Falcon Focus: Junior chooses Middle College and sleeps well at night

May 24, 2018 — by Esha Lakhotia

Junior Leena Elzeiny talks about her choice to go to middle college.

Junior Leena Elzeiny walked into orientation at West Valley College last May, making new friends and signing up for classes she was excited about, such as sociology and boxing.

Elzeiny is one of several students each year who breaks out of the usual path to graduation and takes an alternate route. In her case, she started participating in the Middle College program in junior year.

“Middle College is basically high school on a college campus, which has its perks,” Elzeiny said. “I don't have AP tests, everything is for college credit and my GPA on the UC system counts my other classes on a 5.0 scale.”

Elzeiny was introduced to the Middle College program at the end of last February during the annual sophomore guidance presentation in the McAfee Center. An application was handed out and she had little over two weeks to put together the required materials. The application included two essays, two letters of recommendation, a graded essay and many signatures, followed by a 20-minute interview by the admission officers

Elzeiny is required to take English and History every year — two classes required for high school graduation — and 11 additional units in whichever subjects she pleases.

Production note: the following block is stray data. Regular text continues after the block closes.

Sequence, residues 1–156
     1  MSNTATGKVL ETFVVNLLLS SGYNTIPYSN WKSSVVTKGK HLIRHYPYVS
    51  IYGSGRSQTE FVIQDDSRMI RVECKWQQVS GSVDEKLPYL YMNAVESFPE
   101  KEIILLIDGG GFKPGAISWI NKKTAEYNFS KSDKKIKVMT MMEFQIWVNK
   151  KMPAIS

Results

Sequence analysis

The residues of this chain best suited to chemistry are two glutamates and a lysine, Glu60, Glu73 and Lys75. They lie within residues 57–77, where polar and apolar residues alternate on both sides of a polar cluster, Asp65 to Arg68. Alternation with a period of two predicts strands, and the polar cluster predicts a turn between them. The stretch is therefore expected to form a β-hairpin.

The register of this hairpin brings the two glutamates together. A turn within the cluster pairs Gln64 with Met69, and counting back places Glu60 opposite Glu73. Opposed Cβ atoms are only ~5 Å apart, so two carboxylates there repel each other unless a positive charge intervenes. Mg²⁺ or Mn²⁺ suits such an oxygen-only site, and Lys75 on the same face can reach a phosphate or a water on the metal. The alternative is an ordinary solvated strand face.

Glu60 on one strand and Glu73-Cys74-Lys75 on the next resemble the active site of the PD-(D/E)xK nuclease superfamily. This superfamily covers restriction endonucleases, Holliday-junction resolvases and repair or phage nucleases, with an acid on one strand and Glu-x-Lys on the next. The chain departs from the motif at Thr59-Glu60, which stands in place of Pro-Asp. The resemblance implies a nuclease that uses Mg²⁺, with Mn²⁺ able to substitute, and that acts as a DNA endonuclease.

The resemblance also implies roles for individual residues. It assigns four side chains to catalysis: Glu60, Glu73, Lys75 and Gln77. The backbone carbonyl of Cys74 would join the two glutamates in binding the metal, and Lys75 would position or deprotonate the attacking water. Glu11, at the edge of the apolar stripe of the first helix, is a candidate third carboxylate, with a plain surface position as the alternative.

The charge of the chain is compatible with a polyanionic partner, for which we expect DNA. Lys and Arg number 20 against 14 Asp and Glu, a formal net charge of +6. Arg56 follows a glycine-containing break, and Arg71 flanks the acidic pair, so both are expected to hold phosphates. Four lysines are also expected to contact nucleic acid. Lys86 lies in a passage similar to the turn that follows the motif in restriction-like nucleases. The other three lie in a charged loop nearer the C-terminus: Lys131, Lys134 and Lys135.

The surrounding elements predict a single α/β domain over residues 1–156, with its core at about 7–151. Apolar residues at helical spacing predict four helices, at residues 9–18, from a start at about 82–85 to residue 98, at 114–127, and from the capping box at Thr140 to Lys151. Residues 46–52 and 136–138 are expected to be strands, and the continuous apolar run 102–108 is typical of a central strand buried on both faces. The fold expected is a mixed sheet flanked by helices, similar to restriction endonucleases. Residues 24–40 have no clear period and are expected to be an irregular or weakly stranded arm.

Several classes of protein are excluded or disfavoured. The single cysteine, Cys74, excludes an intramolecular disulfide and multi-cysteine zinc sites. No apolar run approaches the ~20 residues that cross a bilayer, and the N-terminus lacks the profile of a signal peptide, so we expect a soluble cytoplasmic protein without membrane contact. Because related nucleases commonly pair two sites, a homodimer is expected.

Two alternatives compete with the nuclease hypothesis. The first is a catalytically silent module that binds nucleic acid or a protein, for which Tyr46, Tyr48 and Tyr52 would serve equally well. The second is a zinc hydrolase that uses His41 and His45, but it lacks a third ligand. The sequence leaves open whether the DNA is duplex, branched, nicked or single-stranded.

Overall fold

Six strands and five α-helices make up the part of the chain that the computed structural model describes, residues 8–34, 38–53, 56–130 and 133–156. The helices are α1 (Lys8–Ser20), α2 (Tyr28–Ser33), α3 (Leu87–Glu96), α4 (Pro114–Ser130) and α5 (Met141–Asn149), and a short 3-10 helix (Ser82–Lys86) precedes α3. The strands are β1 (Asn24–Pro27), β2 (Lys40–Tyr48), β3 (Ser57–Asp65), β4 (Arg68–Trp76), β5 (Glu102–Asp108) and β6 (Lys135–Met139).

Elzeiny has seen many benefits to switching to Middle College, including a more personalized program.

“Classes tend to move at a much more reasonable pace and there are tremendous resources like amazing professors and peers available to the average student to ensure success,” Elzeiny said. “I actually get eight hours of sleep regularly and I can get experience in any  future major with every class I take.”

Even though Elzeiny enjoys her experience at West Valley College, she still misses some aspects of a regular high school, such as the reliance on teachers to keep students on track.

“I see Ms. Keys assigning entire papers over the span of weeks, an accumulation of drafts and outlines and thesis statements,” Elzeiny said. “Here, there is an expectation that we can budget time for our own essays and research projects. Many people become agitated with Ms. Keys's constant checks, but it’s what I miss.”

Even though Elzeiny attends Middle College, she still has some ties to the school. She participates in robotics and is part of the lacrosse team.

Elzeiny recognizes the expectations that arise from living in Saratoga and accepts the fact that while Middle College doesn’t assign loads of homework and busywork, it does prepare her for a career past high school.

“Middle College gives me the challenge I need without the sleep-deprivation that has become synonymous with success in Saratoga,” Elzeiny said. “I love the freedom it offers.”